“I come from the point of view that I, as mayor, have a responsibility to all the individuals of Kingston,” Angela Brown-Burke told the Washington Blade during a telephone interview.
Brown-Burke, who is also a member of the Jamaican Senate, spoke with the Blade a day before she is scheduled to speak at the opening ceremony of the country’s first-ever LGBT Pride celebration that will take place in Kingston.
“There are individuals who are minorities who have been struggling in terms of their identity and finding their own space,” Brown-Burke told the Blade. “It is important for us to provide safe spaces for them.”
Diversity ‘benefits’ all Jamaicans
J-FLAG, a Jamaican LGBT advocacy group, is organizing a series of events for Pride that will include a flash mob and an opening ceremony on Saturday. A symposium about coming out, an art exhibit and a number of parties and performances are scheduled to take place in Kingston through Aug. 8.
Jamaican Justice Minister Mark Golding also endorsed the events that coincide with the 53rd anniversary of Jamaica’s independence from the U.K., which took place on Aug. 6, 1962.
“All Jamaicans, regardless of race, class, creed or indeed sexual orientation are citizens deserving of being treated with civility and human kindness,” wrote Golding in a statement.
J-FLAG Education and Training Manager Latoya Nugent, who co-chairs the Pride organizing committee, told the Blade on Friday during a telephone interview from Kingston that she hopes the events will send a message that resonates among Jamaicans across the country.
“We hope they will see supporting LGBT persons or being inclusive given the diversity that we have in our country is really not a bad thing — it is actually a good thing,” she said. “It benefits communities, and the country at large.”
Nugent acknowledged to the Blade that organizers remain concerned about the safety of those who plan to participate in the events.
She said Pride organizers will not disclose the location of the flash mob until it takes place “just to be safe.” The opening ceremony, which will feature the raising of a rainbow flag, will take place indoors.
A parade is not among events that are scheduled to take place.
“We don’t necessarily need a parade to demonstrate our pride and to celebrate love and unity within the community,” said Nugent.
“It’s a better and safer as well to actually host several events over a short period of time and events that would cater to the diversity that we have and the diversity of needs that we have in the LGBT community,” she added.
LGBT movement increasingly visible despite challenges
Jamaica is among the more than 70 countries throughout the world in which consensual same-sex sexual activity remains illegal.
Anti-LGBT discrimination and violence remain pervasive throughout the island, but local advocates with whom the Blade has spoken in recent years say their movement has become more visible.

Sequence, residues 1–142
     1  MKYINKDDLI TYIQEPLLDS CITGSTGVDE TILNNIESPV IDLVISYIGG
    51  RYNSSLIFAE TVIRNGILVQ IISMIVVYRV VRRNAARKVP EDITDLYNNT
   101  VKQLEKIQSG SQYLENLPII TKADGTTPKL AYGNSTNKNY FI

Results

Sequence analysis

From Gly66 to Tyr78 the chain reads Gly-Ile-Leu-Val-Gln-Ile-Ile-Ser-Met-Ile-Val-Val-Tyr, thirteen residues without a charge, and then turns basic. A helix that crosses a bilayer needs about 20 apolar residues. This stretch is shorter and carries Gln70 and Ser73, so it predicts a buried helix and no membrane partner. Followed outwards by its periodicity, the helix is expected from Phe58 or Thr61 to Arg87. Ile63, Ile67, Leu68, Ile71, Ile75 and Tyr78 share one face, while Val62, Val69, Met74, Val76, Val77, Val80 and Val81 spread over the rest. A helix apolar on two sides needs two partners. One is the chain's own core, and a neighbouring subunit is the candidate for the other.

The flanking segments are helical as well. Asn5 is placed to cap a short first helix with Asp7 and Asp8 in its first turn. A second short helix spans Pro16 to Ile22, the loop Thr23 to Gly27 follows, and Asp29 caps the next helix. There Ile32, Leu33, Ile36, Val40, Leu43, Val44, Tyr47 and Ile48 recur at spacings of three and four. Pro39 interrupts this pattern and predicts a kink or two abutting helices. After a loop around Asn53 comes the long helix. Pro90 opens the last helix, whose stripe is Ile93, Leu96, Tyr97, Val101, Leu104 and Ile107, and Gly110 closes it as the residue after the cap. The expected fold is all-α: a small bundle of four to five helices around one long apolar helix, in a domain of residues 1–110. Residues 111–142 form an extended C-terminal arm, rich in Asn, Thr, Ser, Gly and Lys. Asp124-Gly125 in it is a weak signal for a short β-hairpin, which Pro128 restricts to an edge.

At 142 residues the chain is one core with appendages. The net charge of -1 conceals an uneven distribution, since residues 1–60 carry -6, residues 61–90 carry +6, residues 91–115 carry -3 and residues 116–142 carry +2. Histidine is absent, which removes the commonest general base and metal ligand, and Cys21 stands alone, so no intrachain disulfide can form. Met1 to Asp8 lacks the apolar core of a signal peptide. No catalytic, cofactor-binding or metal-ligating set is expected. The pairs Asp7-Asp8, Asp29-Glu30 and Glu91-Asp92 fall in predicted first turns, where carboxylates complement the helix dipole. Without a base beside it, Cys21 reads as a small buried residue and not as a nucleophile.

President Obama in April during a town hall meeting at the University of the West Indies in Kingston applauded Angeline Jackson, executive director of Quality of Citizenship Jamaica, a group that advocates on behalf of lesbian and bisexual women and transgender Jamaicans. Randy Berry, the special U.S. envoy to promote global LGBT rights, and Todd Larson, senior LGBT coordinator for the U.S. Agency for International Development, traveled to Jamaica in May.Berry last week during a briefing on Capitol Hill noted a leading Jamaican newspaper recently opined against the country’s colonial-era sodomy law.
“We really just want to have the same kinds of access, agency and opportunities that straight people have, and to be able to celebrate our pride freely, without any stigma and discrimination,” Nugent told the Blade.
Intolerance has ‘kept us back’
Prime Minister Portia Simpson-Miller has faced criticism and even protests from advocates who feel her government has not done enough to curb anti-LGBT violence in Jamaica.
Liberty Counsel Chair Mat Staver and Piero Tozzi of the Alliance Defending Freedom are among the anti-LGBT advocates from the U.S. who have traveled to the country in recent years and attended events organized by groups that oppose efforts to repeal its colonial-era sodomy law. Berry and Larson’s trip sparked protests in Kingston that local religious groups and other anti-LGBT organizations organized.
“This idea of LGBT people wanting to take over Jamaica, to take over the world, is really just a myth,” Nugent told the Blade.
Brown-Burke acknowledged opposition to LGBT rights in Jamaica remains strong.
“Intolerance that we have generally in the society is something that has kept us back,” she told the Blade.
Brown-Burke added that LGBT Jamaicans should have the opportunity to fully participate in Jamaican society.
“We all have a role to play in the development of our country and the development of our city,” she told the Blade.